Administration is a different ball game

Over the last two decades, former players have jumped into cricket administration. Some of them have shown that they can make a difference off the field as well, while some are learning from their past mistakes. A few others are aware that they are walking a tightrope.

Brijesh Patel, secretary of the Karnataka State Cricket Association, inaugurates the turf wicket at the H.K.S School campus in Hassan. Patel and his team helped promite the game in the interiors of Karnataka.   -  Prakash Hassan

As the president of the Karnataka State Cricket Association, Anil Kumble (left) along with Javagal Srinath did a lot of good work but failed to communicate it properly.   -  G. P. Sampath Kumar

In a week that witnessed an outpouring of collective grief from rival factions in the BCCI over the demise of its president Jagmohan Dalmiya, the fine print also featured a pertinent question — who are better suited for cricket administration, the regular officials or former players? With the West Bengal Chief Minister, Mamata Banerjee, backing current Cricket Association of Bengal (CAB) joint-secretary Sourav Ganguly for the CAB president’s post, which fell vacant following Dalmiya’s death, scrutiny is on cricketers-turned-administrators and the value they bring to the table.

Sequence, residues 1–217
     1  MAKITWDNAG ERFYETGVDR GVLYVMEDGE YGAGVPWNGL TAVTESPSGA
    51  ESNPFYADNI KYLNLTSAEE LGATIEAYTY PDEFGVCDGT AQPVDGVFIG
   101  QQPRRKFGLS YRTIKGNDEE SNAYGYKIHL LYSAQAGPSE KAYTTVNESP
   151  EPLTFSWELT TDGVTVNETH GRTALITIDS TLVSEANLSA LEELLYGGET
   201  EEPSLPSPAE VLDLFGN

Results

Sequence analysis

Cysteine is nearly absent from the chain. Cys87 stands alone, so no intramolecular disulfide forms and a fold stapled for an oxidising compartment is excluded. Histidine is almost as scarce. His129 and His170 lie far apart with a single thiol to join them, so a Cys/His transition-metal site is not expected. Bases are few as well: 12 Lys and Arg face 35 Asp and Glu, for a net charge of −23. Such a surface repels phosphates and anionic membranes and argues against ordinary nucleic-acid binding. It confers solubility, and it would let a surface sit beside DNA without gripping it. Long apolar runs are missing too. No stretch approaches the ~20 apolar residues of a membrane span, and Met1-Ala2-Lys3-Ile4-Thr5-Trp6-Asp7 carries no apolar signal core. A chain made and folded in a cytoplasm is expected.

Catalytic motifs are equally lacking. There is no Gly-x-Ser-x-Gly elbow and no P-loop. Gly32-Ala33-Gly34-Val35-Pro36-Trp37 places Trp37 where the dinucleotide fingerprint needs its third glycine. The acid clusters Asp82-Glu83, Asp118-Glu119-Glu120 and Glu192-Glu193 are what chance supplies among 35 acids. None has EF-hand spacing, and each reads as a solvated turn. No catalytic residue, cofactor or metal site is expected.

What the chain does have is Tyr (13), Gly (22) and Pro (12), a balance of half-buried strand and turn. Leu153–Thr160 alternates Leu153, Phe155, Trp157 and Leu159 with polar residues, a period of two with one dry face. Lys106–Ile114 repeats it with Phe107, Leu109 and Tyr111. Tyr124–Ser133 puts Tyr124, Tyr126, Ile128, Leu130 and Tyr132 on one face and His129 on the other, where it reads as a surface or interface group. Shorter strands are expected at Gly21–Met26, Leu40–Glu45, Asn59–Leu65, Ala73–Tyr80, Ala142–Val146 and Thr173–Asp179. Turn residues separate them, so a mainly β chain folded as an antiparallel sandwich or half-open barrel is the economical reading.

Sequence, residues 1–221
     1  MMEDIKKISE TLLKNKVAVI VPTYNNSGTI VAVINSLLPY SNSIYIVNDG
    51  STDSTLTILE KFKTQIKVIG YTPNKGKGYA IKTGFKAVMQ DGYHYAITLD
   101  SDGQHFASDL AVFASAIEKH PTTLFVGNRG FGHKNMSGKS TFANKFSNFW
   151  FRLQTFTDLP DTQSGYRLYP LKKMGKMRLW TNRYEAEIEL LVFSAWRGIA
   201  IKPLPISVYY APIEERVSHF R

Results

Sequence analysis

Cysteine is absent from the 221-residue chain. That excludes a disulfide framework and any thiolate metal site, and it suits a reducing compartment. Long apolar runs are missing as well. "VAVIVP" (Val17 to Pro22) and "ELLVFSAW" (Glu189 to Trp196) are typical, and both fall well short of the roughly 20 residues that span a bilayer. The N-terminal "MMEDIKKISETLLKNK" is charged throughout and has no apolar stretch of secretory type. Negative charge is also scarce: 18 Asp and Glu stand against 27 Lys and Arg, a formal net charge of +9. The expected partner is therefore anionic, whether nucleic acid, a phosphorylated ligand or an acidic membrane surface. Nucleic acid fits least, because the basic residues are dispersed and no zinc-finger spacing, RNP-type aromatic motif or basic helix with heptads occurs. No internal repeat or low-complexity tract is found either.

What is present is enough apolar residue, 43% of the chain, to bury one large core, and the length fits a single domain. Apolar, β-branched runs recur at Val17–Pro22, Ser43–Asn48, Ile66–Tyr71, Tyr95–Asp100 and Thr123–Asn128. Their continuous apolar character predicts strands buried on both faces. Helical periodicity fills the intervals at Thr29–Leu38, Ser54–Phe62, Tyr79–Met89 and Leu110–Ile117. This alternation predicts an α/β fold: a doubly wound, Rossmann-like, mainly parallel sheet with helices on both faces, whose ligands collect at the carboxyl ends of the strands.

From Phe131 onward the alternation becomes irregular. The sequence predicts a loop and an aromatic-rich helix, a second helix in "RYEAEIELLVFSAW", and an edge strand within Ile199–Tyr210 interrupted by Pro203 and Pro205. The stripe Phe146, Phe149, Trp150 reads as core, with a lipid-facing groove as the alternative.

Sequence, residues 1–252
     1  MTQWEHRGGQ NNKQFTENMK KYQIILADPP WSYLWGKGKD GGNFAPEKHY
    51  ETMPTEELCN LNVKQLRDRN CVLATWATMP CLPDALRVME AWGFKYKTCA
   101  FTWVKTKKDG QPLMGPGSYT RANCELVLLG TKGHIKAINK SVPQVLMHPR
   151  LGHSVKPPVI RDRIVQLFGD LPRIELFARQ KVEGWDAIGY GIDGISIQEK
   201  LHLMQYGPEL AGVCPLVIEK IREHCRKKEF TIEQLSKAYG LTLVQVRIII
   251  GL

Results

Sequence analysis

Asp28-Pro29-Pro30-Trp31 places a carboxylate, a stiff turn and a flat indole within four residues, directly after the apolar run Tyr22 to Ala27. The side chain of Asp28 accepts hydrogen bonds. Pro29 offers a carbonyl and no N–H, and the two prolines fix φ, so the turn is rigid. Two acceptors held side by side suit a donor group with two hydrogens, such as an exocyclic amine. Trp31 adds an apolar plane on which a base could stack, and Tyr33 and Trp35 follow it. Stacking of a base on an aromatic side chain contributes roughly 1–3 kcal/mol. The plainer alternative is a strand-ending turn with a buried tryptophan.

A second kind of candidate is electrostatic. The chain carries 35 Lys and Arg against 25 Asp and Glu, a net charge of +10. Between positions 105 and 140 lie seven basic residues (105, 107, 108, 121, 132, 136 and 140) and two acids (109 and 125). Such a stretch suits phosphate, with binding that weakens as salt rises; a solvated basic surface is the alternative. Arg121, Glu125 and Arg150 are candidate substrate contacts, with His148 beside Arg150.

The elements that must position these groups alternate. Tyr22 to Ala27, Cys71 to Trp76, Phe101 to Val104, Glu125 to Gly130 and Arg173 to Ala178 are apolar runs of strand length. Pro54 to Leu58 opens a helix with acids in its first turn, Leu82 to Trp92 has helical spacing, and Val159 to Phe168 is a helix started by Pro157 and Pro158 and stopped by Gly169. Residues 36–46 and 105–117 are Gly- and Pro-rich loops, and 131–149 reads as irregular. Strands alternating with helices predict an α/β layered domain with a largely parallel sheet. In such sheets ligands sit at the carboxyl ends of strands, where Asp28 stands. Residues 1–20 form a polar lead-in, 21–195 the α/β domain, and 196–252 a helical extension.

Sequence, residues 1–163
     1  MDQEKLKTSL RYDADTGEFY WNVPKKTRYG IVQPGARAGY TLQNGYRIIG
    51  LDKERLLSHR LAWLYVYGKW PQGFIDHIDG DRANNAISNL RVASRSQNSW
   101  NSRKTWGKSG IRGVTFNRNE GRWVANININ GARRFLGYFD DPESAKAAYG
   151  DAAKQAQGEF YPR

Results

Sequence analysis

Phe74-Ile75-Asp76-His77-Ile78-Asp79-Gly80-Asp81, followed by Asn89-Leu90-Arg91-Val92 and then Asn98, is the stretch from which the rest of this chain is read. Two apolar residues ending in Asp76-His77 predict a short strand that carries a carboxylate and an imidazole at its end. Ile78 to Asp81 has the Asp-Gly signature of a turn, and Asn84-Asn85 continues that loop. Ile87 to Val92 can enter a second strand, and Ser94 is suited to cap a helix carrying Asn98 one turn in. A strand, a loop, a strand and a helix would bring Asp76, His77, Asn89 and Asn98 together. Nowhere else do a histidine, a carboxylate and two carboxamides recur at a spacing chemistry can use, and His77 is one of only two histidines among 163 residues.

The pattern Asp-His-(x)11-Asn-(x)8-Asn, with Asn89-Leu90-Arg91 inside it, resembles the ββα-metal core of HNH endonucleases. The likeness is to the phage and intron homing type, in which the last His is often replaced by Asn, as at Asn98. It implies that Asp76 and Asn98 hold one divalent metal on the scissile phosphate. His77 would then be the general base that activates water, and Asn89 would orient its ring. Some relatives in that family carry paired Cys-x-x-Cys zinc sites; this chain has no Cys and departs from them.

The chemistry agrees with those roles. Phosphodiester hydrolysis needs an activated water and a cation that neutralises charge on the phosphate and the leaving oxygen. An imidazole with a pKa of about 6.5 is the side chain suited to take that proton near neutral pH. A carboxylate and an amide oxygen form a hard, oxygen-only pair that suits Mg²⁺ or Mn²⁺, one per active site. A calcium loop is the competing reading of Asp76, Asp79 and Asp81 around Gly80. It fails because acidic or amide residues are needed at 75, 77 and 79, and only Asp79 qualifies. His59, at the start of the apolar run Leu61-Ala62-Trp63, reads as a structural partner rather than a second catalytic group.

However, there are no rules set in stone. Yes, players bring in their vast repertoire of experience and an awareness of how the game is governed in the rest of the world, thanks to their tours with the Indian team. Yet, regular administrators, who back clubs in the local leagues and get into positions within cricket bodies, aver that they are more clued into the nuts and bolts of helming a committee, giving directions and also handling the respective State’s bureaucracy.

During the early cricketing days in India, erstwhile maharajahs and princes ran the show, while some even forced themselves into the playing elevens, be it club, province or country. Independence, the gradual abolition of the privy purses, the relegation of royalty as a mere ornament from the past, helped another set of people to step into the corridors of the sport’s power points.